Inspire, Harvey Nash’s network for board-level women, looks into why so few women sit on boards and executive committees.
Read the full report by downloading The Balancing Act: how to balance the talent pipeline in business.
Where are all the women?
The start of 2013 has been marked by a number of high-profile calls for companies to be more transparent in their reporting on the number of women on boards and in business. Not only has the Financial Reporting Council (the UK’s independent regulator of corporate governance and reporting) requiring all companies to disclose the number of female and diversity executives they employ, but there is also increasing demand for female executive talent.
At the World Economics Forum in Davos earlier this year, Christine Lagarde, Managing Director of the International Monetary Fund (IMF) spoke about ‘inclusive growth’. Visionary companies, she said, need ot make investing in women a pillar of their business and talent management strategy. This is not about PR or ‘doing the right thing’, she pointed out, but a way to deliver real and quantifiable returns.
Reflecting on the recent US presidential elections, a record number of women – 141 – ran for election last year, and women voters were a key focus for Barack Obama and Mitt Romney. Women are drivers of economic growth throughout the corporate world and government.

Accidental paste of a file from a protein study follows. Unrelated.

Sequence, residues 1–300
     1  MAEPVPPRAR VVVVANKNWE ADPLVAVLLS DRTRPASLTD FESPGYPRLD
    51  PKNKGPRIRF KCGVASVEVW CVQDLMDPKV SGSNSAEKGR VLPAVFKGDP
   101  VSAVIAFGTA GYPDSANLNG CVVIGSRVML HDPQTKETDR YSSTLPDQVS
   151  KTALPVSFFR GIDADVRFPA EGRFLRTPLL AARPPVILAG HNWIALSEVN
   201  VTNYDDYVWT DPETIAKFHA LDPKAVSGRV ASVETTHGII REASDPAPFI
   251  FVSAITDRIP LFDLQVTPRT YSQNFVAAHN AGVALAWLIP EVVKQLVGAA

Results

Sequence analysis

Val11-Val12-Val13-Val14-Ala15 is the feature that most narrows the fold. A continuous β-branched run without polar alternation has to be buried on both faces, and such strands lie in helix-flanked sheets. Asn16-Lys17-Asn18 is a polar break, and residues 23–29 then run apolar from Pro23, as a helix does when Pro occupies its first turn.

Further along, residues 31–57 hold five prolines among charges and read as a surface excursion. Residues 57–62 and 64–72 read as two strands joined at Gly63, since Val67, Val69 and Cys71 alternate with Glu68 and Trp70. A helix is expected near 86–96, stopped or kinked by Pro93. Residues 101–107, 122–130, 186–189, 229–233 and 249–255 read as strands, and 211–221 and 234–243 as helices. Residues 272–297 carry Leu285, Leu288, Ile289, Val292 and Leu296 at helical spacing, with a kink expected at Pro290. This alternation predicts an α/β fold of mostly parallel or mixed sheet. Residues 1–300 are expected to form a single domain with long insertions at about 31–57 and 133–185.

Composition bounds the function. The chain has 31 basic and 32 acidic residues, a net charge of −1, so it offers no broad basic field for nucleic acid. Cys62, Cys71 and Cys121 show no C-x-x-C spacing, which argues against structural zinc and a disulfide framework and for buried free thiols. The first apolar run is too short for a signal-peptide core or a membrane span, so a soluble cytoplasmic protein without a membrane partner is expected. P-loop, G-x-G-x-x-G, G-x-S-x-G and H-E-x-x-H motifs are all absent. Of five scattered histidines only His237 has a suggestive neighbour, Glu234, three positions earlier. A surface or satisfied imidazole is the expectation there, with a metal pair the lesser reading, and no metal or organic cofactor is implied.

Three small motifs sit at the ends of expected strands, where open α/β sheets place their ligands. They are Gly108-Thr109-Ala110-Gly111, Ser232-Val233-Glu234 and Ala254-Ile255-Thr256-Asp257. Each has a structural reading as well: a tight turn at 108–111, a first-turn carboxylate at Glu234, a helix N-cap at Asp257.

A leaking talent pipeline
And yet, there is still a shortage of women in the boardroom. This reflects a deeper problem, and that is the significant number of women who leave big companies at middle and senior management level. What are the motivations for opting out of corporate life? And where are they going? Despite some improvement at non-executive director level, female executive directors are still in short supply and the reason is a ‘leaking talent pipeline’. As it stands today, the talent pool is not sustainable or strong enough to develop female talent and promote them p the corporate ladder. This continue to be a major challenge facing businesses aroudn the world, who are struggling with gaps in their succession planning.
About the participants
Our research surveyed over 600 executive directors, non-executive directors and other senior business leaders from a range of different-sized companies in different industries and different countries. There was a fairly even split between male and female respondent, and more than 90% of participants were over 40 years old. We also canvassed the opinions of a variety of business figureheads – people who have reached the very top – on what is needed to accelerate the progress of gender-balanced boards,